- Tips to improve work/life balance
Tips to improve work/life balance
You’re the one in charge of your own life. If you want to make a change, a life coach can support you, but primarily, you take the lead. If your lack of work/life balance is causing you stress and misery, there are ways you can help yourself. Read our tips below.
Schedule your day - plan fun and plan rest
While it sounds counterintuitive to do more things when you’re already drowning in tasks, scheduling times to exercise, socialise and do the things you enjoy can help you relax. At the beginning of the week, plan time to do the things that nourish you (mentally and physically): whether that’s going for a drink with friends, going to the gym or even an evening devoted to pampering, it will be a welcome break from the office and can actually make it easier to be more productive at work the following day!
Learn to say no
There needs to be a clear boundary between your work and home life. You may think that saying yes to everything makes you look like a great employee, but it could be damaging to your health in the long-run. If you’ve got a particularly busy period, you are allowed to say no and highlight your priorities.
Similarly, taking work home with you may seem like a good idea in the beginning, but it can quickly become the norm. You shouldn’t be expected to work, unpaid and out of working hours, so if you have something you need to do, let your boss know you’ll get back on it first thing the next morning. Keep things positive, but make it clear you’re not available outside of your contracted hours.
Try the ‘work smart, not long’ method
There’s nothing wrong with wanting to do well and succeed in your career, and working harder and longer may seem like the right thing to do, but it may actually be hindering your journey to success, rather than helping it. The ‘work smart, not long’ method involves tight prioritisation and planning to ensure you do. It allows you a certain amount of time on a task, without getting caught up in less productive activities, or taking on more work than you need.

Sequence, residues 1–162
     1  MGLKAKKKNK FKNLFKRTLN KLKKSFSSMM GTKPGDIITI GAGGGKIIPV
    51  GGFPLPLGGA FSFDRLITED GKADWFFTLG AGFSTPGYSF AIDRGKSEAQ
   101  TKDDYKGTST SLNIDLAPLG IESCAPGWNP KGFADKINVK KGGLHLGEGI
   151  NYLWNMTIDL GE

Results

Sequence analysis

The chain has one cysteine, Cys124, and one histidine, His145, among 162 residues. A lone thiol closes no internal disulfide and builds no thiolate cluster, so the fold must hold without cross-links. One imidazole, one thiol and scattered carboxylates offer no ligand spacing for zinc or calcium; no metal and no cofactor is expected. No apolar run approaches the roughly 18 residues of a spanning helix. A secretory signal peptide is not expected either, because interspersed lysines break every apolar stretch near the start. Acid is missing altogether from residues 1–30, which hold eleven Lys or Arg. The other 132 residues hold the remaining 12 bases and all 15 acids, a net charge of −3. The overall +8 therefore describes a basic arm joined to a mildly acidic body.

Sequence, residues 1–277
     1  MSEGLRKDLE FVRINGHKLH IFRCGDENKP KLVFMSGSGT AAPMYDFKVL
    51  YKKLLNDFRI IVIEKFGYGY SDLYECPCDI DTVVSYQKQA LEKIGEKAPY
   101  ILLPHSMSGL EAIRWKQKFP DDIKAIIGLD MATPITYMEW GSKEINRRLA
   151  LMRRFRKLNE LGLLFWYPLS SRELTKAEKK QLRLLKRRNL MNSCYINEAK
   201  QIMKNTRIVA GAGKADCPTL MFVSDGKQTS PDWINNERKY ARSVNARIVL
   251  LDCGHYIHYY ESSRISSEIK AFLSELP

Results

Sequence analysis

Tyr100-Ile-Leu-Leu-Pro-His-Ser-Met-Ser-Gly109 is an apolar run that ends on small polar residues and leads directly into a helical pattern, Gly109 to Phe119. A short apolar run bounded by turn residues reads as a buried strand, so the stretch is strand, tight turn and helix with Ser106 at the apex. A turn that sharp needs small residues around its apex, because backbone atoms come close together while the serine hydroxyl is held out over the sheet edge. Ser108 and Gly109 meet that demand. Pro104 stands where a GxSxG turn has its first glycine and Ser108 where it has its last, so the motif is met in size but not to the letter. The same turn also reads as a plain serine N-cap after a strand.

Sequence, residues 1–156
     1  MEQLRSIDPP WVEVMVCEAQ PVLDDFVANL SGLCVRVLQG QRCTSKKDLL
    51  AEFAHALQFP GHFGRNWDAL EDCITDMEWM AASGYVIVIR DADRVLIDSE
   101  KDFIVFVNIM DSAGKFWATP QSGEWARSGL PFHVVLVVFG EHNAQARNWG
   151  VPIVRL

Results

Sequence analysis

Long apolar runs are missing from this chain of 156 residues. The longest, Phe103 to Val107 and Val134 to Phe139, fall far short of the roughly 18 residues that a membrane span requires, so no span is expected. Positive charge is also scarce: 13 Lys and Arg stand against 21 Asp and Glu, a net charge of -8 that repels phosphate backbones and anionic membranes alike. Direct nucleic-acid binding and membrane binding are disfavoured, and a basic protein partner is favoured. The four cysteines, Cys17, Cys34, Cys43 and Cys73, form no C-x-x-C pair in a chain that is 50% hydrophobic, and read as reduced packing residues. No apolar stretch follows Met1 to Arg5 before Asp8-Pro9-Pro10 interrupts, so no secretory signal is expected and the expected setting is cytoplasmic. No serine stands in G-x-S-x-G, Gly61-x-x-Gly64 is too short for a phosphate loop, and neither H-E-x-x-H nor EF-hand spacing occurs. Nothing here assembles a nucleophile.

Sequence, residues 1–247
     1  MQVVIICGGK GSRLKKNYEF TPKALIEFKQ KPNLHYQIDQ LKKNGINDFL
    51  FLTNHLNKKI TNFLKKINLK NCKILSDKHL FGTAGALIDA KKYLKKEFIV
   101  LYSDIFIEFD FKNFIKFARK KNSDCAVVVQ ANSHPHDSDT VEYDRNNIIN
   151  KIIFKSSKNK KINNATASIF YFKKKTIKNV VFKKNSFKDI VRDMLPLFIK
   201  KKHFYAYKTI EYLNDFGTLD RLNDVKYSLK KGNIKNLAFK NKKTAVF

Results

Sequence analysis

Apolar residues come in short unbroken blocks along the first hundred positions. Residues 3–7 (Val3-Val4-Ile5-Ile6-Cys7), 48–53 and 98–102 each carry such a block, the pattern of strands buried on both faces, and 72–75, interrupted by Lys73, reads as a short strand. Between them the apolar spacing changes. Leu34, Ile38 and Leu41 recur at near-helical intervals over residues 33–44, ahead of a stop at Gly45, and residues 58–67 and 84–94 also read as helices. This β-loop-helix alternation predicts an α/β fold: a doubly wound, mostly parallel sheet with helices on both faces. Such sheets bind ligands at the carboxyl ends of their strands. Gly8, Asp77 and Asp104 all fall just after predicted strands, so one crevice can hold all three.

Each morning or at the end of the day the night before, write down your top priorities, the things you need to get finished today and why, and schedule in a proper lunch break and an end time. Follow this and a routine will start to form.
Make health a priority
Calling in sick isn’t always easy, but you need to prioritise your health and well-being. Pushing through illness and fatigue will only make your illness worse. This is particularly important if you feel close to burnout, you’re frequently experiencing headaches or not sleeping, it might be time to consider speaking to your doctor. Ensure your employer is aware of how you are feeling, and the effect high workload and long hours are having on you. They should support you and together, you can decipher a more manageable plan.
It can feel quite daunting talking to your employer about your health, but being honest about how you feel, and the impact your work is having on your health is the most important factor.
Know what you want
This may not be possible for everyone, but if there are certain working hours and locations that you think will benefit your work/life balance, consider speaking to your employer. If you have a long commute and spend hours in traffic every morning, perhaps you can start earlier, to avoid traffic and make the most of your working time. Maybe you have the option to work remotely, every now and then. Whilst working from home isn’t necessarily the best way to maintain a good work/life balance, a new location may help when struggling in the office environment.
Another question to ask yourself is: are you really happy in your role? Think of the reasons why you’re working so hard, and what is causing your stress. Are they avoidable, or can they be managed? Only you know if you can overcome the issues, and if this isn’t possible, maybe it’s time to move on and follow a new path.
We are individuals, and so our work/life balance may vary. But regardless, we should all make a conscious effort to set out some rules to help us find the right balance between work and life. For example, switching off all electronic devices at 8pm, or making sure you have a sit-down dinner every evening despite your workload.